March was a wet month, and it looks like our potatoes have rotted instead of germinating. They’re hilled, in raised beds, so that shouldn’t have happened. So, darn.
All our soaker hoses–we use them for irrigation–have humungous holes. Time to invest in five new 50-foot long soaker hoses.
The black plastic mulch we put down for the scallions blew away in the wind, despite anchoring with earth staples and bricks. So hmm… that didn’t turn out the way I thought it would.
And the red plastic mulch I bought to save me from excess weeding of tomatoes? It’s just too windy to even try. My new tomato babies need protection from the wind more than I need a break from weeding. Today, we planted them, with old kitty litter boxes as windbreaks. Jim cuts out the bottoms (drill a hole, then cut with a saber saw).
In the photo, you’re seeing a newly planted tomato, grown from seed and nurtured in the basement under fluorescents. It’s inside one of those bottom-less kitty-litter box. Most years, I’ve left the plants in the boxes until the tomatoes grow taller than the tops. If it’s windy where you are, these plastic boxes are a great hack.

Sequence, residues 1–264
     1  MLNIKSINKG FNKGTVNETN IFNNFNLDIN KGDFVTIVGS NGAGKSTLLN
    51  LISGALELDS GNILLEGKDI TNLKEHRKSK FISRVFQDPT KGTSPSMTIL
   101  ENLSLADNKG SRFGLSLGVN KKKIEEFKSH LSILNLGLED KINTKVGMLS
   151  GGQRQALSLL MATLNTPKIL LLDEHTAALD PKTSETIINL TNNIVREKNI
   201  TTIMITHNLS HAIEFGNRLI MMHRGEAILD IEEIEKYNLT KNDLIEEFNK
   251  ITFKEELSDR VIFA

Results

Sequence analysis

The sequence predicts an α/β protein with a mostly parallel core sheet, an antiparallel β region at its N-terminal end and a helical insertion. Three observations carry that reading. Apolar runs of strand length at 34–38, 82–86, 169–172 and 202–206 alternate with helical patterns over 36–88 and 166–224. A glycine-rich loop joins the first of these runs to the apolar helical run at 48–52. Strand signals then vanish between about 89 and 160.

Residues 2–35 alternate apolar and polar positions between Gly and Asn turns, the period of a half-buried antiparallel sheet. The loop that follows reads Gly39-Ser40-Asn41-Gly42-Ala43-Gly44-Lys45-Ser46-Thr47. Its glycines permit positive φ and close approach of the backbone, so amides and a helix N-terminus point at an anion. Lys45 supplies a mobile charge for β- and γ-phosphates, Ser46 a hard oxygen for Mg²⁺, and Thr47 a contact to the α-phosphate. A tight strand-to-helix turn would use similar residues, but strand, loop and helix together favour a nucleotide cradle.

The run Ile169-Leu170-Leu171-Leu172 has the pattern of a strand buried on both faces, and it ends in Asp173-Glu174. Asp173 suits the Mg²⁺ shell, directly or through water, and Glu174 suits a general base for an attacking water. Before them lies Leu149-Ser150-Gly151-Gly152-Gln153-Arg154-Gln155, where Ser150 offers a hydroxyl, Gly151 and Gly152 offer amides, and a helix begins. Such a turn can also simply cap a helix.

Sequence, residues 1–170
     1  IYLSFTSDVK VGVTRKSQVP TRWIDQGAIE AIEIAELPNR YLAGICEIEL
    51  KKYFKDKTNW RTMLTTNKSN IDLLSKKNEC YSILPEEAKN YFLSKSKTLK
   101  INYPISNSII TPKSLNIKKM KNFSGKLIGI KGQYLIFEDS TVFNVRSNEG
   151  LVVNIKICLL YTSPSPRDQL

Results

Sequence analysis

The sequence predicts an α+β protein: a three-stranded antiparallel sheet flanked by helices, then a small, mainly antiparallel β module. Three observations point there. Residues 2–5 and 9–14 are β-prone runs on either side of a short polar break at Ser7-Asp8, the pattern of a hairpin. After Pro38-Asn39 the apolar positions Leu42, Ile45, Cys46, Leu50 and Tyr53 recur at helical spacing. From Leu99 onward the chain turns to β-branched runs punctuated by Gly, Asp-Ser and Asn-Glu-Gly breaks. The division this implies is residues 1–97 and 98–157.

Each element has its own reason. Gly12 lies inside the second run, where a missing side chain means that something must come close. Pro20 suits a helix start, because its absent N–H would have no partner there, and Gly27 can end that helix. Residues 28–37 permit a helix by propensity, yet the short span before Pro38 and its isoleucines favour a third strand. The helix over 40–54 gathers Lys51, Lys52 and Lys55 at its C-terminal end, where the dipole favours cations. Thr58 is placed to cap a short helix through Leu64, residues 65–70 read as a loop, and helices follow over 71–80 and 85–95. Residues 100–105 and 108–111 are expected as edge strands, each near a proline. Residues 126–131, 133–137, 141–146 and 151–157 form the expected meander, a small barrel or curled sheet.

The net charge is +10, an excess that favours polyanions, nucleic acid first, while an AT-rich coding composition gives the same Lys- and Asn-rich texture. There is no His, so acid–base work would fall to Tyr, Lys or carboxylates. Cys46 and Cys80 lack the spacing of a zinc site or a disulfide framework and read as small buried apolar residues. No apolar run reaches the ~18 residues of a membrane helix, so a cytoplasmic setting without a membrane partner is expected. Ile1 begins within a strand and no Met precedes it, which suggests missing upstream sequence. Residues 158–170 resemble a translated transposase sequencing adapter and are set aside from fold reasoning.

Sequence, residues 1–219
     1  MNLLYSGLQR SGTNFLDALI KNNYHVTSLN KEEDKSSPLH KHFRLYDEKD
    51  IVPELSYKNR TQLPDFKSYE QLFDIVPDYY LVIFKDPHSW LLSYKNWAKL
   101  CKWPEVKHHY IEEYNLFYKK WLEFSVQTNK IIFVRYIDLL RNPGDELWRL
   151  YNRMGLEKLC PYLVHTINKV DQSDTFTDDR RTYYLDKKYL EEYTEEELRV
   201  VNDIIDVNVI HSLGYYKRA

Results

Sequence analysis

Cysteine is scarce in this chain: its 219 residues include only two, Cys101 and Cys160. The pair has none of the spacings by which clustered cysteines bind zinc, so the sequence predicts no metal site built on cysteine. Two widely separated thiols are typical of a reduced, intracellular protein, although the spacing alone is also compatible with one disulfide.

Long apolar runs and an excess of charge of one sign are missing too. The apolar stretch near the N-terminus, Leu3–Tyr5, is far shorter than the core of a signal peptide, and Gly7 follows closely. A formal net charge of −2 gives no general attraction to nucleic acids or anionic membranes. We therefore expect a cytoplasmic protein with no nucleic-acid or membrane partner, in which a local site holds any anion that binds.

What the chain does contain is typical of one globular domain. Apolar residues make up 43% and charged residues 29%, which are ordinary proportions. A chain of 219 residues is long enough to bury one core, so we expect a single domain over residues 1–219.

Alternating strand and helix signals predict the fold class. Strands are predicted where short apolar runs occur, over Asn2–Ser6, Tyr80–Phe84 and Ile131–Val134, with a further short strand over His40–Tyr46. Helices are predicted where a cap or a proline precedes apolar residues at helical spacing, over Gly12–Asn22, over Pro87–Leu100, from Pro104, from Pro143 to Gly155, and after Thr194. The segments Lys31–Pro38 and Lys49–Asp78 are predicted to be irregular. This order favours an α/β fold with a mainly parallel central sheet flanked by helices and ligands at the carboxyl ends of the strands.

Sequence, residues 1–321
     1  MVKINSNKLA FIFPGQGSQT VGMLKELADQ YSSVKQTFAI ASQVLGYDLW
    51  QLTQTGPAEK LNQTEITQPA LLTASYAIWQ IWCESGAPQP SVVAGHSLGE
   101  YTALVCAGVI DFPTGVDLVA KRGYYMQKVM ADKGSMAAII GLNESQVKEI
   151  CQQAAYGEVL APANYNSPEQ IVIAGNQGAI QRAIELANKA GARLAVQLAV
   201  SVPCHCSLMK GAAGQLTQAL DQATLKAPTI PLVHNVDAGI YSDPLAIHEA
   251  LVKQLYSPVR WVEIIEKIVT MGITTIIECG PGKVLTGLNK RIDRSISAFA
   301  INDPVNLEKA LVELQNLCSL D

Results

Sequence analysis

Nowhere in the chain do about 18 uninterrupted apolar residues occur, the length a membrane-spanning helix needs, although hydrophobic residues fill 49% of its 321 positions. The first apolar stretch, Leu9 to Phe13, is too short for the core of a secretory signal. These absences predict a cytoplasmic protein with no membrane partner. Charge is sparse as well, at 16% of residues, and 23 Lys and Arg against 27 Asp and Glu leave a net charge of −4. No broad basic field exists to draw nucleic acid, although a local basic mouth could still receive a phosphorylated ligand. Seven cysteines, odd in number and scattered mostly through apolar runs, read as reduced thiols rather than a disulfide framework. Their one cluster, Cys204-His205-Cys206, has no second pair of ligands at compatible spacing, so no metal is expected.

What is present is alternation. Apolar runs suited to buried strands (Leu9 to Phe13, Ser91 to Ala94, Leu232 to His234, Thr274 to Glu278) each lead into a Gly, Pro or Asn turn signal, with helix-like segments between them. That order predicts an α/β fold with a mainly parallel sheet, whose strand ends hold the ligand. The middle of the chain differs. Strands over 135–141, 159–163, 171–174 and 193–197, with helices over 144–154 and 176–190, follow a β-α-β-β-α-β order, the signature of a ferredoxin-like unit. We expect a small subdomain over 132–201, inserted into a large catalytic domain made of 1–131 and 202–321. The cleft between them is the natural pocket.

For new folks to the blog, welcome. If you are following for #amwriting, that’s Thursdays. Lately, I write about the novel querying process.
If you’re following for #amgardening, that’s today, Mondays. I write about what it’s like to garden in Kansas–today it’s been disappointing.
Maybe I should’ve called this blizzard Sunday. Snow is predicted for later today. Last night, the weather said a dusting, with 7 inches up north. This morning, the prediction was upped to 2-3 inches for us, with 14 inches farther north.
No rain or snow yet, but the wind is 20 MPH and my pin oaks are bending ominously.
Another pink sky last night–beauty before the storm.